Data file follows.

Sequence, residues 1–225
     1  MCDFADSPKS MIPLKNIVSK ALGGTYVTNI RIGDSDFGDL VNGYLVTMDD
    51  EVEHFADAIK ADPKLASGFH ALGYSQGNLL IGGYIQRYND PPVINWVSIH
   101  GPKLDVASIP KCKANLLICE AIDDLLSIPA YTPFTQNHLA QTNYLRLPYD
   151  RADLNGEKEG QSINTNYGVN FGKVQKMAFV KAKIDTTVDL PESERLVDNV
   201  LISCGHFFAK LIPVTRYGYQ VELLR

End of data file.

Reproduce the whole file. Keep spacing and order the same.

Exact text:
Sequence, residues 1–225
     1  MCDFADSPKS MIPLKNIVSK ALGGTYVTNI RIGDSDFGDL VNGYLVTMDD
    51  EVEHFADAIK ADPKLASGFH ALGYSQGNLL IGGYIQRYND PPVINWVSIH
   101  GPKLDVASIP KCKANLLICE AIDDLLSIPA YTPFTQNHLA QTNYLRLPYD
   151  RADLNGEKEG QSINTNYGVN FGKVQKMAFV KAKIDTTVDL PESERLVDNV
   201  LISCGHFFAK LIPVTRYGYQ VELLR